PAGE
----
Tips For Dry Skin from Amy Velten, Beverly Hills Facialist

Amy Velten is a clinical esthetician (facialist and skin care expert) based in Beverly Hills, Los Angeles. She is an authority on skin and knows the Hollywood trade secrets (old and new) behind achieving a natural looking, radiant, glowing and healthy complexion. Her clients call her the skin whisperer, she's highly qualified and has kindly imparted some of her knowledge, giving away some of her best beauty secrets and tips on how to manage dry skin to Detox Health Beauty....


As skin is the biggest organ of the body and mostly made up of water, it would be easy to point the blame finger at a lack of water when it comes to dehydration. Just losing two per cent of the body's water volume in a day can lead to mild dehydration problems. If however, you are dutifully drinking your two litres a day, your skin could still become dehydrated thanks to a number of internal and external factors. Water is the second most important nutrient in the body. The oxygen we breathe is the first essential nutrient. Water plays a critical role in every vital bodily process. It is the missing link to finding true empowerment over your health. Most diseases can be eliminated with proper hydration and as the body is restored to it’s natural slightly alkaline state, the systems can function properly.

Internally, the declining of hormones such as estrogen, progesterone and testosterone can result in loss of collagen and skin elasticity, cause a thinning of the skin, making it more prone to dehydration. In the long term, dehydration can damage the skin. Let’s look at how the skin is damaged from dehydration. The skin is the largest excretory organ in the body and removes toxins through it’s pores when we sweat. The body has chronic internal dehydration and the toxins build up in the system because our digestion comes to a halt. The digestion slows because the enzymes we need to digest are not produced. When we do not eliminate the waste, it builds up in our system and allows infections to occur in the skin. It can also cause psoriasis, wrinkles and other skin problems. This can even cause premature aging due to toxic build-up.

Externally, our environmental conditions weaken our skin. Over-exposure to the sun, cold and wind are responsible for dehydrated skin. Dehydrated skin is less effective as a protective barrier and therefore your skin tends to react easily to active ingredients or outside elements. This is known as sensitive skin. By adding water back into the skin or bringing balance back to the Stratum Corneum, your skin becomes stronger, healthier and less reactive. Through sun exposure, ultra violet rays breakdown fibers in our skin know as elastin. The sun also absorbs water from you skin. This wear on elastin fibers results in the inability for the skin to snap back into shape, resulting in wrinkles. Further water loss in the top layer of our skin through external aggressions leads to lines and wrinkles looking deeper and more pronounced. In addition to these pronounced lines and wrinkles, when your skin is lacking in water additional lines are developed adding to the look of prematurely aged skin. Even taking long hot showers or baths can contribute to dehydrated skin as it draws moisture out of the skin.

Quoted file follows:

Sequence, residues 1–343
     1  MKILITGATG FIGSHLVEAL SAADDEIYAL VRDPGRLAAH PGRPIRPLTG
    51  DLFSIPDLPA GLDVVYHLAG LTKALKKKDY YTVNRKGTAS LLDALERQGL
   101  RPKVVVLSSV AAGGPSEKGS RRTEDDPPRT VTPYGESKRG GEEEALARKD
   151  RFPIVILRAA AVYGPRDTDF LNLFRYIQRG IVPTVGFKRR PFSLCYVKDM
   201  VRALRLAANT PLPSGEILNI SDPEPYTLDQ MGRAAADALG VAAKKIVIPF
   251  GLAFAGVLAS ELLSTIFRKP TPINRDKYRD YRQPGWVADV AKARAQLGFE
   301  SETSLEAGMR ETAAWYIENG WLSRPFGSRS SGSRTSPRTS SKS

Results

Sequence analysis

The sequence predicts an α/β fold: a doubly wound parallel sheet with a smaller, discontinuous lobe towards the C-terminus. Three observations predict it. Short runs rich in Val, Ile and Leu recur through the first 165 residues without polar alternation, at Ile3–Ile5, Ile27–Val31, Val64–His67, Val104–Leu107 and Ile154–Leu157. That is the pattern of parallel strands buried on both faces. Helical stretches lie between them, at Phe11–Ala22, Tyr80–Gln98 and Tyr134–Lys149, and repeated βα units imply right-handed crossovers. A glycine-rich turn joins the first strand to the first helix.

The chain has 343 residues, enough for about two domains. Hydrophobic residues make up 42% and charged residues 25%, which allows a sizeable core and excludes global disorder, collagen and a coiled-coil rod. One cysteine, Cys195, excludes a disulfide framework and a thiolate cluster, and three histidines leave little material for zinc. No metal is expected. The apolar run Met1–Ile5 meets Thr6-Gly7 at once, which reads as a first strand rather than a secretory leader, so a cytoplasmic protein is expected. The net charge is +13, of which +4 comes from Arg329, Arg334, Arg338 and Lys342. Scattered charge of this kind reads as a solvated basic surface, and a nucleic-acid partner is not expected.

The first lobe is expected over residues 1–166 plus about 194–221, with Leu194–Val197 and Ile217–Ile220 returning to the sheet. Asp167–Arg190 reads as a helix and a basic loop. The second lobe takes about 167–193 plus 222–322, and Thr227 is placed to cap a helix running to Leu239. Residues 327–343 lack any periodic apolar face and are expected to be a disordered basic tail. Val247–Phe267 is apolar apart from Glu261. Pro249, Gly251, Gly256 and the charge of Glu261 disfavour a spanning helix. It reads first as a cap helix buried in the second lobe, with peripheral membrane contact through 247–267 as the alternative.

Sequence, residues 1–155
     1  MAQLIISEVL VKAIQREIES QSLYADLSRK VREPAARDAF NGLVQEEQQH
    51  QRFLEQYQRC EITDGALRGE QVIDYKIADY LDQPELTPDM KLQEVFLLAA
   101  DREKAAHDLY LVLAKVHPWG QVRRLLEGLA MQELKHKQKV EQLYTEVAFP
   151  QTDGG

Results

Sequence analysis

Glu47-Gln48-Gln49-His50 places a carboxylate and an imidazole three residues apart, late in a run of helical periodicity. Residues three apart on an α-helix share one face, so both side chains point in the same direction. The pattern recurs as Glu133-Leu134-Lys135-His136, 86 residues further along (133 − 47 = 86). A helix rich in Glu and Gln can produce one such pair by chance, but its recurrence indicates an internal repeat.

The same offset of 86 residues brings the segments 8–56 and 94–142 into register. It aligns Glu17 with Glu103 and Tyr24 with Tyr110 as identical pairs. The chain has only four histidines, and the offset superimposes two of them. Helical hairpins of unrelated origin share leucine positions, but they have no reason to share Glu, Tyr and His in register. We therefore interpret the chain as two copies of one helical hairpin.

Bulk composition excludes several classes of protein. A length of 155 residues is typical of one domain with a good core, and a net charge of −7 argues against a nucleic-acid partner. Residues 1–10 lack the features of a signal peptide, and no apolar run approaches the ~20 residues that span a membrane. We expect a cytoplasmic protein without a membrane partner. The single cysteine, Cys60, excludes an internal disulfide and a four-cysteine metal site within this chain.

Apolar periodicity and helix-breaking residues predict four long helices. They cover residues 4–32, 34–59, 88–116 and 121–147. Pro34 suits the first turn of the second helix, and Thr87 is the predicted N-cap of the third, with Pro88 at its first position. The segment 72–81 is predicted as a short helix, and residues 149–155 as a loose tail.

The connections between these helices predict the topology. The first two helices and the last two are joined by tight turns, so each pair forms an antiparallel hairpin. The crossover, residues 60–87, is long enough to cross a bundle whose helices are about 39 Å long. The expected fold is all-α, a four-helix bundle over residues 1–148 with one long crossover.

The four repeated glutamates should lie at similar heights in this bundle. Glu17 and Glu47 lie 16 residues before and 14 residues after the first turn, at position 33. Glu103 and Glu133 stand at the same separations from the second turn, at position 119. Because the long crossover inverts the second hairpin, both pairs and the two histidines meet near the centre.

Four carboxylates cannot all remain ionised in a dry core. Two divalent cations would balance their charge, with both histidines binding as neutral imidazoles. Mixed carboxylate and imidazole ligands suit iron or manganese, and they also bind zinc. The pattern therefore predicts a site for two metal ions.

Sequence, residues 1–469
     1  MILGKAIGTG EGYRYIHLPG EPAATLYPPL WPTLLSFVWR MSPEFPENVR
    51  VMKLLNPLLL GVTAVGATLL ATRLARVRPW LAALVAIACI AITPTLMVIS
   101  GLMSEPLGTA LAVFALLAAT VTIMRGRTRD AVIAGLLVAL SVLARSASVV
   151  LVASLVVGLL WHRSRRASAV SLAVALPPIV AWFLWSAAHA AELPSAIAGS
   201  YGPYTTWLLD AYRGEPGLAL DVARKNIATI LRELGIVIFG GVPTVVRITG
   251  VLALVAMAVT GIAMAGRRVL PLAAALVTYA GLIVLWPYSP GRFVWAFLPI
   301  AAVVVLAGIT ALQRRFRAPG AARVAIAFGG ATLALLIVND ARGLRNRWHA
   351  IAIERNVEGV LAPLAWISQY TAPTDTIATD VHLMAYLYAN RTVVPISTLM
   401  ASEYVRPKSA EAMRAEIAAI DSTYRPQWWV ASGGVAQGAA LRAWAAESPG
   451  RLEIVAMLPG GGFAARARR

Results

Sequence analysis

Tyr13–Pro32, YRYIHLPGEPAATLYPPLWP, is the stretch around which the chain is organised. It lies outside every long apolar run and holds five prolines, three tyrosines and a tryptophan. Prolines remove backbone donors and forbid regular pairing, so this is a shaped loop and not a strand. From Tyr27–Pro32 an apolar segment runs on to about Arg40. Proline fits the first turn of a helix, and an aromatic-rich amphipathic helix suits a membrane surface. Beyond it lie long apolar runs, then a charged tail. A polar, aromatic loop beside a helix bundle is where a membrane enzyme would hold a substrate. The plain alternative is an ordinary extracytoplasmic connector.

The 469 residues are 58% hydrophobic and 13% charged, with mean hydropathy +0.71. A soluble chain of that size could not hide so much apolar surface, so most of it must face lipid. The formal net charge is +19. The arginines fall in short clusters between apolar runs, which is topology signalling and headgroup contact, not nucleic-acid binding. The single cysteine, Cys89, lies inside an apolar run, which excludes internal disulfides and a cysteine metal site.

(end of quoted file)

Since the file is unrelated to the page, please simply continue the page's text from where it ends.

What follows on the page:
Now, what can we do to save our skin?

Drink hydrating fluids with every meal and snack to boost your intake. Carry a reusable water bottle with you at all times - it'll make it easier to drink up when you're thirsty. Keep a water bottle on your desk as you're more likely to drink water if it's close at hand. Drink before, during and after exercise to prevent dehydration, especially when exercising outside.

Add electrolytes drops to your water. Electrolytes regulate our muscle and nerve functions and our body's hydration and blood pressure. They also help with rebuilding damaged tissue. When you exercise, you sweat and naturally lose a lot of water and salt through your pores. One of the most uncontrolled culprits to premature dry skin may be an electrolyte imbalance.

Eat your water! Veggies and fruit are made of mostly water. Snack on strawberries and cucumbers instead of pretzels and popcorn.

Taking supplements like vitamin E and C will help your skin’s cells hold more moisture and elasticity.

Swap your regular morning latte for a green tea, which contains catechins and potent antioxidants along with the water to keep skin hydrated.

Stock up on omega-fatty acids by adding salmon, mackerel, almonds, walnuts and flaxseed to your diet, which will give your skin that fresh, dewy glow.

Potassium (along with its electrolyte brethren) is vital in replenishing the body and foreseeing the proper function of our cells, tissues and organs – including the skin.

Hydrate your skin with hyalauronic acid. HA carries up to 1,000 times its weight in water, and its hydrophilic nature makes it the top ingredient to put on your skin. When you’re buying, look for a serum containing hyaluronic acid – it will be more likely to penetrate down to where it can really plump out fine lines.

Seal in your skin with a good barrier protecting moisturiser. Look for one containing emollients such as shea butter, essential lipids, squalene oil and argan oil.

Anyone who suffers from dehydration or conditions associated with dehydration can benefit from IV hydration/vitamin treatment. These therapies treat a number of conditions and enhance overall health and wellness.

Make sure your household and work environment has proper humidity in their structure. If too dry, add a humidifier to your bedroom and office space.

And remember, alcohol is a dehydrator. Please drink a glass of electrolyte water after each alcoholic beverage. You will thank me in the morning!


Sheena Skinner